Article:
Oliver Kazunga, Senior Business Reporter
THE Common Market for Eastern and Southern Africa (Comesa) has made a clarion call to restart the Customs Union agenda within the trading bloc with a view to promote regional integration.
The Comesa economic integration timetable envisaged the attainment of the Customs Union by 2004, but this has since faced headwinds that has stalled the programme.
In a statement, Comesa said against this background, its secretariat called for interventions to address the implementation of the regional Customs Union agenda by including it in the Customs and Trade and Facilitation Work Programme for 2021-2023.
“There is fresh attempt to revitalise the Comesa Customs Union agenda, which will result in the full realisation of a common market,” it said.
Addressing the 7th Meeting of the Heads of Customs Sub-Committee held last week, Comesa assistant secretary general in charge of programmes, Dr Kipyego Cheluget said the attainment of this milestone has faced considerable challenges even though member States and the secretariat have worked hard to address the emerging challenges.
“Between 2012 and 2017 concerted efforts were made to get this process back on track.
“National consultations were facilitated, and technical studies were undertaken and at the end of it all, we set ourselves certain actions that seem to have fallen through the cracks as there has been limited activity on Customs Union related issues after 2017,” he said.
Harmonisation of industrial rebates and exemptions, alignment of national laws to Customs Management Regulations (CMR), alignment of national tariffs to Comesa Common Tariff Nomenclature (CTN), and Common External Tariff (CET), have been identified as the main areas that need attention.
“We can still address the outstanding issues and you have an opportunity to revisit these issues when you consider the Customs and Trade and Facilitation Work Programme for 2021-2023,” Dr Cheluget added urging the heads of Customs administration.
Through financial support from the European Union under the 11 European Development Fund Trade Facilitation Programme, Comesa has been supporting interventions specifically aimed at building the capacity of customs administrations.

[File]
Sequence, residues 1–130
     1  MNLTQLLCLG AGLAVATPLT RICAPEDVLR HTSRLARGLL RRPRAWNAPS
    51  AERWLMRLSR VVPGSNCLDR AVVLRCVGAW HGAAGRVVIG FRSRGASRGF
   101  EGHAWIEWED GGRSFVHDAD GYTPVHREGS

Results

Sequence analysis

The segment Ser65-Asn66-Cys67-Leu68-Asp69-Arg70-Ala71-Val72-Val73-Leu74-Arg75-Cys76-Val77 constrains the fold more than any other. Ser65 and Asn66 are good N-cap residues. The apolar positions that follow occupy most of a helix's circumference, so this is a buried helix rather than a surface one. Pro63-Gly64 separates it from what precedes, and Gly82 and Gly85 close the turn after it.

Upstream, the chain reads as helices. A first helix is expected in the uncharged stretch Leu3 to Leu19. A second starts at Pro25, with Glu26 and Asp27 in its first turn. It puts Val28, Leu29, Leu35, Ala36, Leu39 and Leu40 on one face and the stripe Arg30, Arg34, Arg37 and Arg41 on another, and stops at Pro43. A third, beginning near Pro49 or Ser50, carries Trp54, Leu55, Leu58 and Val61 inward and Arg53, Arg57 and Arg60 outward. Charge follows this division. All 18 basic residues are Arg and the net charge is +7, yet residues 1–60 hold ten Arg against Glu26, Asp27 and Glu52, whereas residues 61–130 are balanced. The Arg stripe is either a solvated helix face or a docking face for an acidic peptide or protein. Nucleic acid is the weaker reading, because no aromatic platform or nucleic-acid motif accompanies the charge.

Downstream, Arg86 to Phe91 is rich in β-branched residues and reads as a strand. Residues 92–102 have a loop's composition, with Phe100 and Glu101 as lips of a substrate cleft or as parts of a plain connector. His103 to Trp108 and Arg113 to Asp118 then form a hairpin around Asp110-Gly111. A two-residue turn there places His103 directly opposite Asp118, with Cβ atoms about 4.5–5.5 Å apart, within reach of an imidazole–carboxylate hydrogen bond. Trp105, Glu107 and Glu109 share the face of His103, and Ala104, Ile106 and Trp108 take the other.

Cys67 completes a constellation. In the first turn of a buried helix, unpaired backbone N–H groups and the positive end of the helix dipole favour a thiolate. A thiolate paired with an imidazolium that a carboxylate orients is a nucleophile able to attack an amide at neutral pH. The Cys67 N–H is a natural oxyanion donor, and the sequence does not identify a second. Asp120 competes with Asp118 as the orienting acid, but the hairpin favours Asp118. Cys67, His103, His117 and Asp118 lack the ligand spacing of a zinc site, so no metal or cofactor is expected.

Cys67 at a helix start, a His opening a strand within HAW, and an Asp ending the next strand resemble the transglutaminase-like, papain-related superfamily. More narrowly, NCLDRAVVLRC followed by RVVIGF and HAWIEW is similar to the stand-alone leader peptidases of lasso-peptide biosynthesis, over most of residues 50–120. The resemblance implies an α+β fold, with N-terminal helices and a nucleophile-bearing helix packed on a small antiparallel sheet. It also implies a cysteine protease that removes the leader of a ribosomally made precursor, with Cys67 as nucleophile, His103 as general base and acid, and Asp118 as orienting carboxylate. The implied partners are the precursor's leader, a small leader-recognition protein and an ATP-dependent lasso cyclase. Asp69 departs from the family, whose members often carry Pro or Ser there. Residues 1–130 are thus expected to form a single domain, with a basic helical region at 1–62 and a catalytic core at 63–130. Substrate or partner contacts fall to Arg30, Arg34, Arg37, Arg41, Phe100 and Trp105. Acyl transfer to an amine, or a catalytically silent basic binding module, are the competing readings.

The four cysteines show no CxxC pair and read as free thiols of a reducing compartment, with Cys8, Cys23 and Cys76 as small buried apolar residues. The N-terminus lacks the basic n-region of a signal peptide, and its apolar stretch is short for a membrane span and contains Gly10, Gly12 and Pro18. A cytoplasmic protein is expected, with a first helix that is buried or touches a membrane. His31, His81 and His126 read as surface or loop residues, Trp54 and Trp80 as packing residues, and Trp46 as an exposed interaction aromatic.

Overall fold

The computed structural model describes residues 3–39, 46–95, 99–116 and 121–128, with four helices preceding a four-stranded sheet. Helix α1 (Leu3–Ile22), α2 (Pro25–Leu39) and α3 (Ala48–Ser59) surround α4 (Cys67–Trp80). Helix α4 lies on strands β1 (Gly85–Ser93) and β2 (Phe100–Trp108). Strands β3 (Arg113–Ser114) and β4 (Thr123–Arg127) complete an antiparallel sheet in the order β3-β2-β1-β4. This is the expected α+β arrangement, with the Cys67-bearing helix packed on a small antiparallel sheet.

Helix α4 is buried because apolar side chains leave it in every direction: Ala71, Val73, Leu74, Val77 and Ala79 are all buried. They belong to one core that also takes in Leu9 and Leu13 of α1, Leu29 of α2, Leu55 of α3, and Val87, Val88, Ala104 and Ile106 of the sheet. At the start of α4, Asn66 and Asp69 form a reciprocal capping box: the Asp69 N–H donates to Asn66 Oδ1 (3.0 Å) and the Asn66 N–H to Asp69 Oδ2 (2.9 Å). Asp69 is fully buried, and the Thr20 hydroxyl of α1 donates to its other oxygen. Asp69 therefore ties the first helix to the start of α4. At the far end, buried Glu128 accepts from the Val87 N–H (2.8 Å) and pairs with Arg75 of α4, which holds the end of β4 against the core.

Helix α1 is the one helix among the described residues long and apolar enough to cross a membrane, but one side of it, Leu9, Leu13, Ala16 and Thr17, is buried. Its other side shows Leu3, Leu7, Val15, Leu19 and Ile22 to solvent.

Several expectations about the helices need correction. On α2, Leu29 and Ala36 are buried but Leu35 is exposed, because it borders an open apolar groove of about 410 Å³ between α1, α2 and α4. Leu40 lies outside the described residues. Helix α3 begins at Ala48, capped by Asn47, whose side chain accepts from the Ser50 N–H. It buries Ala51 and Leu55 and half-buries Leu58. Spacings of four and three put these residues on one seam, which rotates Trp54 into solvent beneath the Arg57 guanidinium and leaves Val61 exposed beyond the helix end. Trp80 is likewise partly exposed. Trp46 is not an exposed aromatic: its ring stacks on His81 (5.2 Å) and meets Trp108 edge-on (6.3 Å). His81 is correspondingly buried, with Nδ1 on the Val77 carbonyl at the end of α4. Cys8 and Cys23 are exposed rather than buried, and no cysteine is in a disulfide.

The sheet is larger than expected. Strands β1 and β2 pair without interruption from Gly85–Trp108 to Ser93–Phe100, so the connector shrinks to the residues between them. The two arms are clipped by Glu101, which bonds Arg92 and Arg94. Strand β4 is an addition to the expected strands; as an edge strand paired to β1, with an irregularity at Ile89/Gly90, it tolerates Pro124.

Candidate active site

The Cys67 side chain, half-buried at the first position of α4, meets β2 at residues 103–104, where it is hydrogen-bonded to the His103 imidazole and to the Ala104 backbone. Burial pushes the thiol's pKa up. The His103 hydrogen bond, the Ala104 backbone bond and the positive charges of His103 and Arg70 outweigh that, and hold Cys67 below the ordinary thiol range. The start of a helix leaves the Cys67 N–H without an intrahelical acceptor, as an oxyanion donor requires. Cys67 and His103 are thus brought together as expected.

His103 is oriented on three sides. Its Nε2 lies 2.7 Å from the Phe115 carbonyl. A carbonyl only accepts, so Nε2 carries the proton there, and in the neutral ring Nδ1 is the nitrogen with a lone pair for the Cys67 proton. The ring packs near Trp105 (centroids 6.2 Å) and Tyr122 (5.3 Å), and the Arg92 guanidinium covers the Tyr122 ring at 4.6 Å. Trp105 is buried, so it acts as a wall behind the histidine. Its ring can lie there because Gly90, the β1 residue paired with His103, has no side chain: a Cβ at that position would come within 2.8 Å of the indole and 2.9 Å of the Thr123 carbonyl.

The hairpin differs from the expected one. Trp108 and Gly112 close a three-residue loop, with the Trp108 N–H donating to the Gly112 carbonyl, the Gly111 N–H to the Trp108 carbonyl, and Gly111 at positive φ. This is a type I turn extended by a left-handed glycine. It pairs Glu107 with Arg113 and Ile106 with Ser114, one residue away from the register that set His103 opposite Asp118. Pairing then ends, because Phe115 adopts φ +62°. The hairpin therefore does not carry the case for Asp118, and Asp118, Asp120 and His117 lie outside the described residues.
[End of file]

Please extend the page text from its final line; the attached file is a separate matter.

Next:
The other key item on the agenda was the implementation of measures under the World Trade Organisation (WTO) trade facilitation agreement.
The agreement is being implemented since February 2017 with most Comesa and WTO member States having notified their needs in technical assistance and capacity building under the special and differentiated provisions of the agreement to the WTO secretariat.
Emerging reports, however, show that this support is not readily available, and member States were now requesting that Comes acts collectively to address implementation challenges as decided by council in 2015.
“If the Comesa region fully implements the WTO measures as expected, the trading environment of the region will be enhanced and will lead to increased intra-regional trade,” Dr Cheluget said.
He urged customs administrations to facilitate cross-border trade flows in an efficient manner that reduces non-trade barriers and create a trading environment where products from the Comesa region remain competitive and can be traded locally, regionally and globally.
The meeting, which was virtual, also discussed the inaugural meeting on customs capacity building, validations workshops on cross border management guidelines and Authorised Economic Operators (AEO) Standard Operating Procedures Manual; an update on the implementation of the 2018-2020 Customs and Trade Facilitation Work Programme and proposals for the Work Plan for 2021-2023.
An update was provided from the United Nations Conference on Trade and Development on the implementation of delegated activities under the 11th European Development Fund–Trade Facilitation Programme on the Customs Automation Regional Support Centre and Regional Trade Information Portal. – @okazunga